If you’re one of the millions of lovebirds who embrace Valentine’s Day, you are no doubt in the throes of trying to decide just what to do this year that will be fun and unusual and romantic.
May I put in a vote? Don’t go out.
It’s Restaurant Goer 101 that Valentine’s Day is among the worst days of the year to eat out, and I have a much, much better idea for you: stay cooped up at home, and cook something simple but delicious.
My menu suggestion would be:
- Start with beet hummus: it’s super easy, it’s pink, and you can spread it on little toasts or cucumber slices for one another;
- Move on to spatchcocked chicken: it’s a fun performance-style recipe to make together, the resulting chicken is finger-licking good, plus there’s something ever-so-slightly suggestive about the name, and the way the chicken is splayed out in the pan (made you click!). Serve with a green salad to keep things easy and light — just be sure to check your teeth afterward;
- Finish the meal with my three-ingredient French hot chocolate.
I probably don’t have to sell you hard on the idea, but if you need more details, let me offer this: it is a three-ingredient recipe that takes all of ten minutes to make, and yields the most luxurious French-style drinking chocolate, intensely flavored and velvety smooth.
The secret to a really, really good cup of French hot chocolate is to use actual chocolate, rather than cocoa powder, for a super creamy consistency. Some recipes call for cream, too, but that can feel like a brick in your stomach (not the intended purpose on V-Day or any other day) so I like to bolster both texture and flavor with almond butter instead, which makes it fully vegan. Such a simple formula, you’ll be amazed by how well it turns out. I’m sorry. This?
So. After this lovely dinner that you did not slave over, and once you have that cup of hot chocolate in hand, it’s time for the gift, right? How would your special someone feel about a massage, one in which you actually know what you’re doing?
Maxence and I are total fans of massages, and we used to go out and get professional ones on a regular basis. But then, you know: kids. So now, we chiefly rely on each other when we have tension and aches from (pick one) sitting at the computer all day, bending over the stove or tripod, wearing babies in carriers, hauling groceries home, or schlepping bikes for pre-schoolers who have changed their mind about riding their bike.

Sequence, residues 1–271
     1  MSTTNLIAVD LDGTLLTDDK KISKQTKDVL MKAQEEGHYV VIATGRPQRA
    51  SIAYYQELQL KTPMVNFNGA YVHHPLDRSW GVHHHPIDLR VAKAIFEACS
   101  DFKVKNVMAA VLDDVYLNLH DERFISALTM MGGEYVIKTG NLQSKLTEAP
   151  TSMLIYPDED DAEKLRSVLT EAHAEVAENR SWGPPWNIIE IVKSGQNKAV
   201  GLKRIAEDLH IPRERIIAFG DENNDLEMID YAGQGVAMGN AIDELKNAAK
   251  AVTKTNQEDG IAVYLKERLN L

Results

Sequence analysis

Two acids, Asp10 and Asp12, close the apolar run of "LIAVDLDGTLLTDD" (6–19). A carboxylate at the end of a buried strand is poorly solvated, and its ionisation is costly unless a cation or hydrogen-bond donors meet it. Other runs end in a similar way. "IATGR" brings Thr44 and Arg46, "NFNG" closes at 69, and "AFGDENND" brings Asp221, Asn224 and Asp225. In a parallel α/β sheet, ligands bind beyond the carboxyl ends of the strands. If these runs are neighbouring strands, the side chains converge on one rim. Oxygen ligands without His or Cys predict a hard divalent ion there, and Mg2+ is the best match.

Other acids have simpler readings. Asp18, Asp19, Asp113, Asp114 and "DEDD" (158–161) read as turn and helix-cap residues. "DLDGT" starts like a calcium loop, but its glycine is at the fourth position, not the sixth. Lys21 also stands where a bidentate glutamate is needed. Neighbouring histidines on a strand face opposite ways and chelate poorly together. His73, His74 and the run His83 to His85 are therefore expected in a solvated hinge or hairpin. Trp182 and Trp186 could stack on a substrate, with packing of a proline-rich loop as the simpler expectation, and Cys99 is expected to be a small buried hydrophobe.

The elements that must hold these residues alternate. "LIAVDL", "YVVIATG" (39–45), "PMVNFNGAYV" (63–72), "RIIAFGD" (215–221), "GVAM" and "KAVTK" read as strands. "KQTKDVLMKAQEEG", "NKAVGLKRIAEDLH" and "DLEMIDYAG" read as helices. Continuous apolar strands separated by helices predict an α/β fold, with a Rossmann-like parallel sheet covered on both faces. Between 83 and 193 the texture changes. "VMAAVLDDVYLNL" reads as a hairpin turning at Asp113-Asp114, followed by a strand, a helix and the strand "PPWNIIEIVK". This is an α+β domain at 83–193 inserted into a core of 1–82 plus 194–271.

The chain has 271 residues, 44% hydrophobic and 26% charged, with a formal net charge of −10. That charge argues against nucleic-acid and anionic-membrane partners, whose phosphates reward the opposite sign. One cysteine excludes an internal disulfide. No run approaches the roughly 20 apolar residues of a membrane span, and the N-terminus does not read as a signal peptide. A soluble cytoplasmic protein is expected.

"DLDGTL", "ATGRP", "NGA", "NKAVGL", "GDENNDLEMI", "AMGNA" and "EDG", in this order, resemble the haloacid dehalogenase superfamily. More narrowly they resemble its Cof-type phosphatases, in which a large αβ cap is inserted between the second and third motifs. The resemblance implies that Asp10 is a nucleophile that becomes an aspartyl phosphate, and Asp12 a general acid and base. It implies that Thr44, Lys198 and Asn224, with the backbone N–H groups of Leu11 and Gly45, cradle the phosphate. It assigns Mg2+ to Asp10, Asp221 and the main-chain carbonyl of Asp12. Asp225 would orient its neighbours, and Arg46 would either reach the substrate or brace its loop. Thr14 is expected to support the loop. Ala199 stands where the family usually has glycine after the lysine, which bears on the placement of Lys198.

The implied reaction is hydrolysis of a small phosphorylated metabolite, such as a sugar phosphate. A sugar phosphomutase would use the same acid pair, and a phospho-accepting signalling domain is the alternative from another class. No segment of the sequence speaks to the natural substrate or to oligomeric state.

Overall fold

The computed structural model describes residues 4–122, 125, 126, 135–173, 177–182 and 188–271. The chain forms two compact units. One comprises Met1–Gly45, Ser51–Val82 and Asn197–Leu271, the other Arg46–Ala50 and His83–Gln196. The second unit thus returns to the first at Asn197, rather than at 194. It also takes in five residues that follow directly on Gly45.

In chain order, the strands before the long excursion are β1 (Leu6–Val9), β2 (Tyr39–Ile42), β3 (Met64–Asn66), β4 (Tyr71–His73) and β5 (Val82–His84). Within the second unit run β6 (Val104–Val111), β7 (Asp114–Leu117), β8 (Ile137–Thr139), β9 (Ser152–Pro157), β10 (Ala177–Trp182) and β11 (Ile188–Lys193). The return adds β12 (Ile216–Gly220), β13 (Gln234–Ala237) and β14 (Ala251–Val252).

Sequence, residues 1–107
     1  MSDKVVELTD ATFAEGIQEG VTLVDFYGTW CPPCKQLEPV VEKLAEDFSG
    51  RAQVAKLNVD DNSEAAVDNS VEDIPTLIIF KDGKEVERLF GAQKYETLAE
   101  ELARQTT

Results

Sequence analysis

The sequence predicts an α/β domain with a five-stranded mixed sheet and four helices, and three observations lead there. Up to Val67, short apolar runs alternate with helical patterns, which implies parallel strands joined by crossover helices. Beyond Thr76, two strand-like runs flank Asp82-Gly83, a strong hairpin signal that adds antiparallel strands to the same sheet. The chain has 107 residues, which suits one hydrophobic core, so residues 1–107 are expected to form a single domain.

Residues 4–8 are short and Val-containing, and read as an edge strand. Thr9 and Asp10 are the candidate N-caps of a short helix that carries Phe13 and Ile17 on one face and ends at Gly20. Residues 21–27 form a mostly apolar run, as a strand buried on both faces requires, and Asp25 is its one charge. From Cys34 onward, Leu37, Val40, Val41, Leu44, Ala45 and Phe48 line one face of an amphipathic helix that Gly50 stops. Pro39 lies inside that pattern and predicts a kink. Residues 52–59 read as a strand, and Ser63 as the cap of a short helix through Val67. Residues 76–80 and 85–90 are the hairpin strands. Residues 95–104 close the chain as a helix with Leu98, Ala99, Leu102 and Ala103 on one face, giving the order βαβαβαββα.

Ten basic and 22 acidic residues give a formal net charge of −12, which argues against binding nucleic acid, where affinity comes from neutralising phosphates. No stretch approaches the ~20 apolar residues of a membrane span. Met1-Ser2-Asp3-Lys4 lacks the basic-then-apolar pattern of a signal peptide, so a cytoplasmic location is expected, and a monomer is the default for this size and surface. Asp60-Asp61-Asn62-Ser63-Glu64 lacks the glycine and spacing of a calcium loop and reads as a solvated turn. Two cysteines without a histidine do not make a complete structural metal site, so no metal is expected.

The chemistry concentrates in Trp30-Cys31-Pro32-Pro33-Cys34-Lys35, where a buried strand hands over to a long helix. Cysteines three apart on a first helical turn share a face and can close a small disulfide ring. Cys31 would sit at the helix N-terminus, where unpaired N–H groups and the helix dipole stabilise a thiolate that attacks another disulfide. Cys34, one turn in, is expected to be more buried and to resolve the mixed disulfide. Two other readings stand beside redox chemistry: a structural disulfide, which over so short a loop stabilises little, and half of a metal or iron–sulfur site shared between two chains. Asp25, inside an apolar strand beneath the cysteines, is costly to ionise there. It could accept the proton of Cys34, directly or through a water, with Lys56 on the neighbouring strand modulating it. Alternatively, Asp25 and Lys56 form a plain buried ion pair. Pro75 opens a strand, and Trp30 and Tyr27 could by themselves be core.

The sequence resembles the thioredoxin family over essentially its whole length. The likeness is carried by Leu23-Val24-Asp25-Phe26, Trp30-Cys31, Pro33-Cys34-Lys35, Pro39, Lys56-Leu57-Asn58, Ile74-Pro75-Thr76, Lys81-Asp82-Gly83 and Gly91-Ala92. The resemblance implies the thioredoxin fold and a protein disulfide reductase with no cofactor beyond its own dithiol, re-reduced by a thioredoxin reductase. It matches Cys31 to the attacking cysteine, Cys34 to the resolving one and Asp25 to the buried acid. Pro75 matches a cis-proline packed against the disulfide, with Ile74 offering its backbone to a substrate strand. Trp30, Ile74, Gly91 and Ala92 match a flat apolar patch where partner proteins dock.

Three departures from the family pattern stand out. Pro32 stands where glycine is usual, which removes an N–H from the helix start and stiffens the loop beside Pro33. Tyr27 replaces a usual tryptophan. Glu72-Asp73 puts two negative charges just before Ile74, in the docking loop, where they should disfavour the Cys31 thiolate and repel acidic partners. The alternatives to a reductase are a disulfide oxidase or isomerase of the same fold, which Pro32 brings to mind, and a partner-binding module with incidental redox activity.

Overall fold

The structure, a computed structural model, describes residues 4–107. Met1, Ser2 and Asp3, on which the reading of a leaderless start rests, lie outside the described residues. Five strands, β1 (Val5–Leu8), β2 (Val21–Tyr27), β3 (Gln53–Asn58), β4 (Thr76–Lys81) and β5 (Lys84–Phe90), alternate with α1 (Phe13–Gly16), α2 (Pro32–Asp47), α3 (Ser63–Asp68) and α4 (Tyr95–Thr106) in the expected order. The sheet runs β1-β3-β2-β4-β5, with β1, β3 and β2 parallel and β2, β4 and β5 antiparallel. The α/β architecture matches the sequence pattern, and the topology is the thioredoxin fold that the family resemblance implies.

And this is where Melt: Massage for Couples comes in: it’s a series of videos that teaches you professional techniques and routines for a fabulous massage as instructed by Denis Merkas, an experienced massage therapist from Australia. No special equipment necessary; hot chocolate optional.
The video training is broken down into short clips that show Denis demonstrating the different tips and tricks on his wife Emma, but before you scrunch up your face and think “Eww!” let me reassure you: the tone is 100% professional and it’s all filmed tastefully, with zero awkward moments, focusing strictly on the massaging technique. (If you want to get a sense of the style, watch this free intro course.)
So when Denis got in touch to ask if I would help him promote these training videos in preparation for Valentine’s Day, I was instantly on board. I love the idea of giving experience gifts rather than stuff, and this is the gift that keeps on giving: you could teach yourself the beginner routine secretly in preparation for Valentine’s Day, then watch it again and the remaining modules as a couple (fun idea for a date night in!), and finally benefit from that shared learning for the years and years I hope you get to spend together.
Purchasing the course gives you lifetime access to the entire series of 17 techniques and 3 full routines, which you can preview here. So consider treating yourself and your special someone to that amazingly easy French hot chocolate, plus an unforgettable massage session. It doesn’t get much better than that!
Join the conversation!
Do you make your own hot chocolate? What’s your favorite recipe? And do you enjoy massages — the giving, the receiving, or both?
This post is sponsored by Melt: Massage for Couples. All words and opinions are my own. Thank you for supporting the companies who support Chocolate & Zucchini.
- 200 grams (7 ounces) good-quality dark chocolate, 60-75% cacao content, such as Manjari 64% couverture chocolate
- 480 ml (2 cups) non-dairy milk, such as rice mill, almond milk, or oat milk
- 60 grams (1/4 cup) all-natural unsweetened almond butter
- Chop the chocolate finely with a chef's knife (or in a food processor or blender) and place in a mixing bowl. (The chocolate I use comes in coin-like pieces, you win! No chopping necessary.)
- Bring the milk to a simmer over medium heat. Pour one third the milk into the chocolate.
- Whisk well until you get a smooth and shiny consistency.
- Whisk in the remaining almond milk in two additions, then the almond butter.
- Divide among four cups (see note) and serve.
- If it's just the two of you (as it probably should on Valentine's Day), reserve the extra two servings in the refrigerator. They will make fabulous chocolate creams the next day, served cold and optionally sprinkled with crushed butter cookies or some granola.
- You can use the nut butter of your choice here; hazelnut butter works beautifully for a Nutella-style hot chocolate!
- If you like liqueur in your hot chocolate, jazz this up further by adding 1 to 2 tablespoons amaretto (almond-flavored) or Grand Marnier (orange-flavored) to taste, as you add the almond butter.